Until 24th November
When you walk into Nick Cave’s immersive installation Until you’re met with what at first seems to resemble something between Santa Claus’ workshop and a gigantic magpie’s nest, a whirlpool of shiny colourful objects. Tramway’s main gallery is transformed into a multicoloured dreamland filled with thousands of kinetic ornaments, and it’s a challenge for the senses. Finding your way around and following the prescribed path in and around the installation, you’d be entirely captivated by the twisting ornaments suspended from the ceiling, singing and flickering, almost creating an optical illusion.
It takes a moment or two to notice the delicately shimmering symbols. There are teardrops, targets, bullets and guns – twisting in the air and shiny like Christmas tree decorations, luring you in like video game prizes. The walls of the gallery are covered with colourful beads showing the word ‘power’ sewn in white over the Pan-African flag, a black ribbon, the human rights campaign logo. Although seemingly whimsical, Until is a kaleidoscopic world of politically-charged signage.
A cloud of lavish chandeliers appears to be the centrepiece of the installation. It is surrounded by multiple yellow ladders inviting you to climb to the top where you’d discover a ‘heaven’ of found objects collected by the artists. There are artificial fruits, flowers and animals, Christmas trees, antique toys, a gramophone, and even a crocodile. There are also multiple black ‘lawn jockeys’ – American garden decorations from the not so distant past with contested history but consensually agreed on as racist. Nick Cave’s work is intimately engaged with racism; it’s history and impact. Through accumulating materials, the artist crafts a collective identity, almost like a collage of American reality. The opulence of the cloud’s top is overwhelming – it seems like a collection of objects that are out of place and out of time.
In the words of Cave himself, ‘Innocent until proven guilty or guilty until proven innocent’ expands on the installation’s title and themes. With Until he presents a transformative installation which while disguised as fun, figurative and kitschy, is a commentary on one of the most significant constitutional issues in the United States. Beside one of the gallery’s walls, there’s Unarmed – a sculpture of a bronze hand framed by a floral laurel wreath. It seems like it’s raised in prayer but also as if holding an invisible gun. Behind the overly figurative and ornamental presentation of Until is a story of violence, death and racism. The grace with which Cave manages to dress up an impactful and ongoing political issue without taking away any of its significance or weight is commendable. Rather than getting lost in the excess that Until is, the message it carries resonates loud and clear.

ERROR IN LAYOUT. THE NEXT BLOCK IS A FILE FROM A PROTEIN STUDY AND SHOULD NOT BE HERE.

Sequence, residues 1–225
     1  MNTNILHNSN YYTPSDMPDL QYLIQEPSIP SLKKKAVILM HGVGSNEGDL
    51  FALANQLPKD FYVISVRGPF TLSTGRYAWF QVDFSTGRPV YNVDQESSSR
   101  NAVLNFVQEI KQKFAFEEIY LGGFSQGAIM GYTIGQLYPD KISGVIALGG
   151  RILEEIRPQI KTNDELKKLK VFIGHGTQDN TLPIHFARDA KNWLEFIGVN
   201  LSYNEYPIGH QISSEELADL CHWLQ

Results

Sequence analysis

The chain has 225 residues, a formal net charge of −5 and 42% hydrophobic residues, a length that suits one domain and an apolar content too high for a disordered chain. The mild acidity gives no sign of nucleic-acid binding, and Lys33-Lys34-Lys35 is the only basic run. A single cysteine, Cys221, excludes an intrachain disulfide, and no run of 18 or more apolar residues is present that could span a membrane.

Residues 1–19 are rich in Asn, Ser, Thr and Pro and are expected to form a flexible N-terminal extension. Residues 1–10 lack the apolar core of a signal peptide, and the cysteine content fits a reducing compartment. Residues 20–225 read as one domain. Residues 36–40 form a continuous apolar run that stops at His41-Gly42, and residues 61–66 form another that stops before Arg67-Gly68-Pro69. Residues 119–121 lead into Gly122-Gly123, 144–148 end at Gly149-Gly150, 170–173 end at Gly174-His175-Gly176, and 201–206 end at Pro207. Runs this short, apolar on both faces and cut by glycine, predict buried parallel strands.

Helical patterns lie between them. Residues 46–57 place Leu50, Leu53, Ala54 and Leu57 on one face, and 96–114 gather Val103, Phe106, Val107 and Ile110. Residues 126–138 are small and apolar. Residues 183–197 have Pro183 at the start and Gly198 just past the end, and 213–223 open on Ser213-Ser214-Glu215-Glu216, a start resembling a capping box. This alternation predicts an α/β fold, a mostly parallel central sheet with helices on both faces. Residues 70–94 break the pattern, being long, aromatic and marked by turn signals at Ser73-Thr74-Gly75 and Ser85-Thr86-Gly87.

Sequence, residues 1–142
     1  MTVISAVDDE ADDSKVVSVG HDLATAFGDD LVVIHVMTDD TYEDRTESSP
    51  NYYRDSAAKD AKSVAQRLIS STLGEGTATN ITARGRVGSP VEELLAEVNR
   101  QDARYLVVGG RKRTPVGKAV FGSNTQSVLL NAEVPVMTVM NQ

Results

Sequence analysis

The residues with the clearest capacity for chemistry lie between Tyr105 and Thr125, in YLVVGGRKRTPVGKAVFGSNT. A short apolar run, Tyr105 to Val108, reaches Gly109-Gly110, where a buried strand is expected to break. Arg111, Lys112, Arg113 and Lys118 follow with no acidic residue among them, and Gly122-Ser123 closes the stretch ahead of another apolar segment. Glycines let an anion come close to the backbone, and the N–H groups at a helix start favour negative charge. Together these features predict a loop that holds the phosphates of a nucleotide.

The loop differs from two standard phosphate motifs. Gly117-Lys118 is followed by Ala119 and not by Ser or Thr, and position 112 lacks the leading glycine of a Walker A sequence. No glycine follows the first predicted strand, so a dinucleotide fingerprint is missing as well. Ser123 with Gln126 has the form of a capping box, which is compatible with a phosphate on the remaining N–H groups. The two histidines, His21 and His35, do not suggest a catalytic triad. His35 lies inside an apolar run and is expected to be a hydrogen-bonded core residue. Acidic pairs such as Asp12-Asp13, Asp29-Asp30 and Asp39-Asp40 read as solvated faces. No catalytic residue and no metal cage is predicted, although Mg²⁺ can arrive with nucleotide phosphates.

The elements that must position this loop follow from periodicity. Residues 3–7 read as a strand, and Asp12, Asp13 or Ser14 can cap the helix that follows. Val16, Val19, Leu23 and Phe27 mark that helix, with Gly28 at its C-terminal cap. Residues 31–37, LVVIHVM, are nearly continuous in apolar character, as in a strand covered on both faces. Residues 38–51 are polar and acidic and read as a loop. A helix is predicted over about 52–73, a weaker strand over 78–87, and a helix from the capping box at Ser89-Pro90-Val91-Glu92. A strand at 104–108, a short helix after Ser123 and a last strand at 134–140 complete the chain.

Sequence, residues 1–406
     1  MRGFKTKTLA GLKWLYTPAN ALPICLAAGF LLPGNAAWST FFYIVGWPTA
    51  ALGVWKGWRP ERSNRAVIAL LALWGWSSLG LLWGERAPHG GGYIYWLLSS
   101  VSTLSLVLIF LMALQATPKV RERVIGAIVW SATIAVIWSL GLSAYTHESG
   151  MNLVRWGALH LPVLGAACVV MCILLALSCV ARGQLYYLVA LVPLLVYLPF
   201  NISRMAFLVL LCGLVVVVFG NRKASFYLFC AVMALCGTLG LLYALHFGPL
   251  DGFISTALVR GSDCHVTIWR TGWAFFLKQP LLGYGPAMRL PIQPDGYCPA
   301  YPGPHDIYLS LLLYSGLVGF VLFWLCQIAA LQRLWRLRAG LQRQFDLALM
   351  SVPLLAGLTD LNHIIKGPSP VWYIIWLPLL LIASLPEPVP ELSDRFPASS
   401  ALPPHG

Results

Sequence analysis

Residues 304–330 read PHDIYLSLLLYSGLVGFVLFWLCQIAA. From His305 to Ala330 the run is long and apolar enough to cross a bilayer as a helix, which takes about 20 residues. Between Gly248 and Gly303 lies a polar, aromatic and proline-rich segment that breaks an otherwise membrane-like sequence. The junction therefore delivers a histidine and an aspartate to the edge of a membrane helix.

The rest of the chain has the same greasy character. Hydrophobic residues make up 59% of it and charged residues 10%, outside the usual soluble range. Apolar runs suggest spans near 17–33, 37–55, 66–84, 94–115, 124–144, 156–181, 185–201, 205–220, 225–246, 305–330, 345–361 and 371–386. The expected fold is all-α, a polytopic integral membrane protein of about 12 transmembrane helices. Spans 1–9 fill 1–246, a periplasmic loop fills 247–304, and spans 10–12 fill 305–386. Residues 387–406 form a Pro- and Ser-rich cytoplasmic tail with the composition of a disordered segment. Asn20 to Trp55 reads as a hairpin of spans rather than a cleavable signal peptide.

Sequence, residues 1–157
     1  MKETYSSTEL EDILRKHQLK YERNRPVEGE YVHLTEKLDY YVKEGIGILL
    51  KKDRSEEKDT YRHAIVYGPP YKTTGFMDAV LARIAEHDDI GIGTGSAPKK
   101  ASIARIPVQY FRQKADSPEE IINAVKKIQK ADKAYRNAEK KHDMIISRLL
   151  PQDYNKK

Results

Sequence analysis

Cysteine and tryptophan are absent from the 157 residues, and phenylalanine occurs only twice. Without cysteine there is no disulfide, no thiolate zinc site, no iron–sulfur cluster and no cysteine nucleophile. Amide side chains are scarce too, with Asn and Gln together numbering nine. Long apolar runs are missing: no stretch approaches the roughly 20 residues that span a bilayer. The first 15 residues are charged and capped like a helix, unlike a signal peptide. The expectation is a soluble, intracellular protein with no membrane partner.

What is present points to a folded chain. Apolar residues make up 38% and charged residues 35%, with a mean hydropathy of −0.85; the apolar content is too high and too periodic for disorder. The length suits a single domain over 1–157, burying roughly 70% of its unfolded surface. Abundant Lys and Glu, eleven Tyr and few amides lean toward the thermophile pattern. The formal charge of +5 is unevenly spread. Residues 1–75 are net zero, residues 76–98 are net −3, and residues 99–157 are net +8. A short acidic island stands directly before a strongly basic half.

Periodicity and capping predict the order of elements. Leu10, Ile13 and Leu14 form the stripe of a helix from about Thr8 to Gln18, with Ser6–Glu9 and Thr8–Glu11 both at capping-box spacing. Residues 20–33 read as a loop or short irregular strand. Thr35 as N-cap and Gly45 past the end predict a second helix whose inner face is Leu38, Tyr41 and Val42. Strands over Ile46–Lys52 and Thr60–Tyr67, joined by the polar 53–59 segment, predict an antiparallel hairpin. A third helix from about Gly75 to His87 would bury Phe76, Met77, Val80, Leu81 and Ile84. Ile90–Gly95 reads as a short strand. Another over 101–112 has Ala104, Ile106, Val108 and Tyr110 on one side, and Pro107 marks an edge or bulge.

Until was organised by MASS MoCA, Massachusetts and co-produced with Carriageworks, Sydney and Crystal Bridges/The Momentary, Arkansas. Major exhibition support was provided by Jack Shainman Gallery and Beadcraft. Curated by Denise Markonish MASS MoCA and for Tramway by Claire Jackson.
Until can be seen in Tramway’s main gallery until 24 November 2019.
25 Albert Drive,
Glasgow G41 2PE
Image: Nick Cave – Unarmed, bronze and leaf
With grateful thanks to Bilyana Palankasova, author.